Lameart History, Family Crest & Coats of Arms
Lameart is a name that was brought to England by the ancestors of the Lameart family when they emigrated following the Norman Conquest of 1066. The name Lameart comes from the Old German personal name Lambert or Lanbert. These names are both composed of the elements land, which means land or territory and berht, which means bright or famous.
"Lambeth is a word of Anglo-Saxon origin, a corruption of lam-hithe, signifying the loam-hithe or muddy landing-place, and making one of the chief hithes or landing places on the banks of the Thames in Anglo-Saxon times." 
Jaenbert, Janbriht, Jambert, Genberht, Lambert or Lanbriht (d. 791), was Archbishop of Canterbury, consecrated abbot of St. Augustine's at Canterbury in 760, and was regarded with friendship by Eadbert, king of Kent. "When foiled in his attempt to secure the body of Archbishop Bregwin for burial in his monastery, he appealed against the claim of the monks of Christ Church. His resolute behaviour excited the admiration of his opponents; they knew that he was prudent and able, and they had, it is said, no fancy for defending their claim at Rome. Accordingly they elected him to the vacant archbishopric, and he appears to have been consecrated on Septuagesima Sunday, 2 Feb. 766, and to have received the pall from Pope Paul I, probably in the course of 767." 
"Lambert, Lanbert 'land-bright', a popular name from the 12th century, [was] probably introduced from Flanders where St Lambert of Maestricht was highly venerated." 
Early Origins of the Lameart family
The surname Lameart was first found in Surrey where they were descended from the ancient Count of Mons and Louvain, born 940 A.D. died 1004. His three sons were Baldwin, Ralph, and Hugh Lambert. Accompanying Duke William to England at the Battle of Hastings, a Norman chief, Haco Lambert acquired lands from Duke William and is recorded in the Domesday Book.
Descended was Henry Fitz Lambert living in 1235 who was a benefactor of the church at Lincoln. Early records of the family were found the in the parish of Kirkby in Malham Dale in the West Riding of Yorkshire.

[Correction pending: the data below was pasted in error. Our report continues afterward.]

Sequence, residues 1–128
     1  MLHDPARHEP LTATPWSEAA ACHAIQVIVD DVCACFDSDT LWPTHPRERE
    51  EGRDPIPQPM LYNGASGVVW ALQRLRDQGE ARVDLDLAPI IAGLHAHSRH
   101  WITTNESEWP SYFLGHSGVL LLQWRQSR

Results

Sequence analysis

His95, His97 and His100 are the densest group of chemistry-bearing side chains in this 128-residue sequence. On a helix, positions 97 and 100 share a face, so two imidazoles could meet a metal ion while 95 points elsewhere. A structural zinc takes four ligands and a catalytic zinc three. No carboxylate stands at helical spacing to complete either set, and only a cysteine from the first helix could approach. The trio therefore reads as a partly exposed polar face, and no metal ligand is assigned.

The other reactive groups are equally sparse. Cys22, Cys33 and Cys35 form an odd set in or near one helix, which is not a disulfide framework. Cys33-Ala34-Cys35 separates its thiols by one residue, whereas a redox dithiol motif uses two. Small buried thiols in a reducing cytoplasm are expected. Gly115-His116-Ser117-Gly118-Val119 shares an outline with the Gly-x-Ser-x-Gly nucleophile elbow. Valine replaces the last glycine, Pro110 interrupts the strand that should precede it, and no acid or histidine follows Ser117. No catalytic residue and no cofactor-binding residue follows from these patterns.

"The church is a large and handsome building, of the style that prevailed in the reign of Henry VII., and is the burial-place of the Lambert family, of whom General Lambert was distinguished, on the side of Cromwell, in the civil war." 
Early History of the Lameart family
This web page shows only a small excerpt of our Lameart research. Another 138 words (10 lines of text) covering the years 1150, 1153, 1532, 1536, 1601, 1619, 1684, 1660, 1615, 1659, 1600, 1660, 1628, 1691, 1647, 1649, 1649, 1702, 1742 and are included under the topic Early Lameart History in all our PDF Extended History products and printed products wherever possible.
Lameart Spelling Variations
Before the last few hundred years the English language had no fixed system of spelling rules. For that reason, spelling variations occurred commonly in Anglo Norman surnames. Over the years, many variations of the name Lameart were recorded, including Lambert, Lambard, Lamberth and others.
Early Notables of the Lameart family (pre 1700)
Outstanding amongst the family at this time was John Lambarde, and English draper who served three times as Master of the Drapers' Company, an alderman and a sheriff of London; and his son, William Lambarde (1536-1601), an English antiquarian, writer on legal subjects, and politician; John Lambert (1619-1684), an English Parliamentary general and politician, imprisoned in the Tower of...
Migration of the Lameart family to Ireland
Some of the Lameart family moved to Ireland, but this topic is not covered in this excerpt.
Migration of the Lameart family
The unstable environment in England at this time caused numerous families to board ships and leave in search of opportunity and freedom from persecution abroad in places like Ireland, Australia, and particularly the New World. The voyage was extremely difficult, however, and only taken at great expense. The cramped conditions and unsanitary nature of the vessels caused many to arrive diseased and starving, not to mention destitute from the enormous cost. Still opportunity in the emerging nations of Canada and the United States was far greater than at home and many went on to make important contributions to the cultures of their adopted countries. An examination of many early immigration records reveals that people bearing the name Lameart arrived in North America very early: Anne Lambert, who settled in Virginia in 1653.